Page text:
SFFMP 132: Are Spinoffs a Good Idea, Costs of Cover Art, & Marketing Unique Stories

For the first time in a couple of months, Jeff, Jo, and Lindsay didn’t have a guest tonight. They answered listener questions and talked about their own experiences with spinoffs and the pros and cons of doing them from a financial and creative standpoint.

Here are a few specifics that they talked about:

  • Kindle Worlds and whether Jo’s experience writing in Lindsay’s world was worth the time that was invested.
  • Whether book trailers ever work and are worth doing.
  • How much to expect to spend for the various types of cover art (i.e. illustrated, photoshop/illustration combination with stock art or with models and photo shoots of your own).
  • The challenges of using stock photos and finding good images when you’re writing people of color (or just need period-appropriate clothing for fantasy/science fiction).
  • Whether it’s possible for an epic fantasy story that’s not in a traditional setting or not a traditional story to do well.
  • Whether you need to create a DBA or anything special when you start publishing under a pen name.
  • Advice for getting Amazon to make an ebook free when it’s already free in other stores.
  • Some of the reasons that writing a spinoff might make sense if you had a series that did well (i.e. an almost guaranteed audience, no need to start from scratch with world-building, easier to guess how much the books will earn, based on the sales from the past series).
  • Some of the reasons you may not want to do a spinoff (i.e. may only appeal to readers of the original series, may lose some of the magic of the original, may be constrained by events that happened in the original).

 

| Open Player in New Window

Click to download the mp3.

Subscribe to the Science Fiction and Fantasy Marketing Podcast on iTunes.

Subscribe to the Science Fiction and Fantasy Marketing Podcast on YouTube.

Subscribe to the Science Fiction and Fantasy Marketing Podcast via RSS.

Like us on Facebook.

SFFMP 79: Epic Fantasy, YouTube Marketing, and Finding a Route to Success with Garrett Robinson

This week, we chatted with epic fantasy author Garrett Robinson (http://garrettbrobinson.com/) who got his start with genre hopping and serialized fiction before deciding to settle in and focus on epic fantasy. Several novels later, he’s selling a lot of books and making a great living.

Here’s some of what we talked about:

  • Outlining and planning when you’re building a big world with multiple series and storylines
  • Juggling multiple series and having publication schedules that satisfy the readers and make marketing doable
  • Why it took three books and a boxed set before the ball really started rolling for Garrett
  • What kinds of book covers are expected for epic fantasy
  • Live vlogging a novel as a way to interact with readers and also as an accountability tool
  • Creating a YouTube channel where videos actually convert to book sales
  • Why Garrett is sticking with KDP Select for the time being
  • The perks of getting a Bookbub ad while in Kindle Unlimited
  • Why he’s enjoying Tumblr as a social media platform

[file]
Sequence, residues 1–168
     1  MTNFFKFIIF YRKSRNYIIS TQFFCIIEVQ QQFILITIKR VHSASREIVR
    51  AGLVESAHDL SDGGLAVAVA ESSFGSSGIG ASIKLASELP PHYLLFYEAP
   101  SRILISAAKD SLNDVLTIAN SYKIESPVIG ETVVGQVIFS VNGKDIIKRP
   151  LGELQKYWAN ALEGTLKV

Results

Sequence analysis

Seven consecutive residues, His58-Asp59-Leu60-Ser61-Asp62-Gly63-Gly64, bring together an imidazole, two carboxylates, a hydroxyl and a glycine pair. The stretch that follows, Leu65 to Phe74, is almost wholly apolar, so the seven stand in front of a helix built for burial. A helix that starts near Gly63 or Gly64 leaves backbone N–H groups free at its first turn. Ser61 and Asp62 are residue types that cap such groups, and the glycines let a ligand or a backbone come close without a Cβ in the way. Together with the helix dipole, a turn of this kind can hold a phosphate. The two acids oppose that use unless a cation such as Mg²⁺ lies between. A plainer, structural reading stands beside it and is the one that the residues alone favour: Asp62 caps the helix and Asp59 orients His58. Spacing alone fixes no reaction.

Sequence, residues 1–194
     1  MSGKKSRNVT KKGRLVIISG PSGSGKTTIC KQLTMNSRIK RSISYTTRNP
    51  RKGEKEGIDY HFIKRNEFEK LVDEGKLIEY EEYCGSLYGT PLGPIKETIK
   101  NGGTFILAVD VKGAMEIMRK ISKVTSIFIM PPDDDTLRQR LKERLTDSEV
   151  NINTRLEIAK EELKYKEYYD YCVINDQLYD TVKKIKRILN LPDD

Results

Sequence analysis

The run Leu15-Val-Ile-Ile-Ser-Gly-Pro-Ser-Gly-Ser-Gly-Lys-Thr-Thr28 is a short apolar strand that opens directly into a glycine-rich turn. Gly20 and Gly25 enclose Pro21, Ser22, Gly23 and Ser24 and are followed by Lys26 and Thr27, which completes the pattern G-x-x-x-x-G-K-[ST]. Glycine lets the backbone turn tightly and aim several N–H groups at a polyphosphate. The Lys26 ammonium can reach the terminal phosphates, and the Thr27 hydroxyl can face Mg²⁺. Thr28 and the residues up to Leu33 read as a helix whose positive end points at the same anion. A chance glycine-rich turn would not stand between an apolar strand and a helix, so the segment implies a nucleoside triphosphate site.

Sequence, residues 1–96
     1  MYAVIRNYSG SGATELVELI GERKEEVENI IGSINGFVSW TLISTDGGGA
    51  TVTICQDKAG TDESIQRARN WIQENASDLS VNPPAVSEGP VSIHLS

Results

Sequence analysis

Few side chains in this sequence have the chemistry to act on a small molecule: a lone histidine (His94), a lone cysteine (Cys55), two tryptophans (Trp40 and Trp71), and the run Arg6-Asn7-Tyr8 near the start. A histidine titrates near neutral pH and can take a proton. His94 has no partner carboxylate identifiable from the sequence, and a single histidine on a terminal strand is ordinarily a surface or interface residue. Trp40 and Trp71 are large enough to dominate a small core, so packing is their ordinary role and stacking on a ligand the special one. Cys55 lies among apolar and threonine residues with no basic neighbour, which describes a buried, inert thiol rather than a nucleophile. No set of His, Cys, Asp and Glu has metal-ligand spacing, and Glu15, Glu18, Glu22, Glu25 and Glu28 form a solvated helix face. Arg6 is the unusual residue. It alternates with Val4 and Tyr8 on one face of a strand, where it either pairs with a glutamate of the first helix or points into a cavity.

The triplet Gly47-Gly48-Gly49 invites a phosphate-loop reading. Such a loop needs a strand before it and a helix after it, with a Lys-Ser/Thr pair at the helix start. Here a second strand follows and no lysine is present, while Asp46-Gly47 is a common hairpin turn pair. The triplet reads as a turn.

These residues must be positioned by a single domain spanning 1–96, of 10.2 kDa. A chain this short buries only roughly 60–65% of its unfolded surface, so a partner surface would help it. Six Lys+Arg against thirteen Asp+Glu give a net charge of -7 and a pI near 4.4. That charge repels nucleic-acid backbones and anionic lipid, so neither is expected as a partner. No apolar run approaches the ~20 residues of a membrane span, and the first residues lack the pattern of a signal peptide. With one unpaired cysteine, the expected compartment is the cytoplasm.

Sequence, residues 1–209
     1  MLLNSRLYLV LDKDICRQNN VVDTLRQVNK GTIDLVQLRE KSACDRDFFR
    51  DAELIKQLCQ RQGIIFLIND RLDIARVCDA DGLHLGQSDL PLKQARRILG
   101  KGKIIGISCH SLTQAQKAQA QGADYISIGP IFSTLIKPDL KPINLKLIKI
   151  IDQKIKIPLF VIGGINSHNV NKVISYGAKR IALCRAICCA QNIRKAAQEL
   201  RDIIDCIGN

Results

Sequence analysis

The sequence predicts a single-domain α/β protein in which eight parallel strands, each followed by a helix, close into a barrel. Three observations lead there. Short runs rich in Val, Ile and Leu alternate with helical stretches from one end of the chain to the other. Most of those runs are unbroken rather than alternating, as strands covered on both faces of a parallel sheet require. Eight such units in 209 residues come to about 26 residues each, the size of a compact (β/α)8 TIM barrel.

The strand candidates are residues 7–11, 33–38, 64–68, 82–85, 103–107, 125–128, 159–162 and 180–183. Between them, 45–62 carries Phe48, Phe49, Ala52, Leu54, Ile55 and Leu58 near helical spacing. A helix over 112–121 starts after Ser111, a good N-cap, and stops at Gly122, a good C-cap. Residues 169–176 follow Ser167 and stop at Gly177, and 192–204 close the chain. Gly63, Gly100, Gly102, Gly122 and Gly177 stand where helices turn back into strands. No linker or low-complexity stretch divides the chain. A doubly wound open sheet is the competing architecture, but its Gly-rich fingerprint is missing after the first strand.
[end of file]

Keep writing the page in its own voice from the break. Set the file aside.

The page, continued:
• Author Platform Rocket — a resource Garrett uses for generating Facebook leads for his mailing list
  • Tips for Facebook advertising (don’t be shy — imagine yourself as a marketing firm that was hired to plug your books)

If you want to get Garrett’s first book for free, stop by his page and sign up for his newsletter.

 

| Open Player in New Window

Click to download the mp3.

Subscribe to the Science Fiction and Fantasy Marketing Podcast on iTunes.

Subscribe to the Science Fiction and Fantasy Marketing Podcast on YouTube.

Subscribe to the Science Fiction and Fantasy Marketing Podcast via RSS.

Like us on Facebook.

SFFMP 72: Selling More by Writing to Market + A Novel in 21 Days with Chris Fox

Our guest this week is Chris Fox, author of Writing to Market, the Deathless Series, Hero Born, and more. You might remember him from our show in July of 2015. Now he isn’t just encouraging you to write 5k an hour—He has a new nonfiction book out that will help redefine the way you look at writing to make a big splash in the market with potentially less work. Writing to Market shows you how to examine marketing trends and write books that give readers the experiences they want.

Here’s a taste of what we discussed:

  • The troubles of writing a book that doesn’t quite fit into market—With elements that might be like ‘mixing peanut butter with pickles.’
  • How it can be easier to establish a presence in the market if you write something a little more mainstream. It should be something that you enjoy writing, but something that offers a more ready market.
  • That going into publishing with eyes wide open about the market and genres can have a tremendous effect on your career.
  • The importance of writing to the market and taking care to pay attention to details like word counts for specific genres.
  • How a writer can succeed even if their original works aren’t very good.
  • How to ensure your backlist doesn’t go stale.
  • Ways to figure out if combining specific genres can be a good or bad ideas.
  • Learning methods to use keywords to help you learn both how successful different genres are and how to find an underserved market.
  • Tips and tricks for switching genres as an already established author.
  • Taking on an intense challenge—A 21 Day Novel Challenge. Possible? Tune in—You won’t want to miss it or what he would say to someone wanting to undertake it.

If you enjoyed the show, please visit Chris on his site and check out his Deathless series and books on writing there and on his Amazon page.

 

| Open Player in New Window

Click to download the mp3.

Subscribe to the Science Fiction and Fantasy Marketing Podcast on iTunes.

Subscribe to the Science Fiction and Fantasy Marketing Podcast on YouTube.

Subscribe to the Science Fiction and Fantasy Marketing Podcast via RSS.

Like us on Facebook.

SFFMP 58: Marketing Stand Alone Novels and Different Types of Series

Today, we answered some reader questions/comments about bank accounts for your self-publishing business and making your author site mobile friendly, and then we jumped into discussing marketing strategies for stand alone novels, as well as several different types of series.

The main types of series we discussed are:

  • Series with continuing characters where each novel is a complete story
  • Series where there is an overarching storyline with multiple plot threads that only get wrapped up in the final book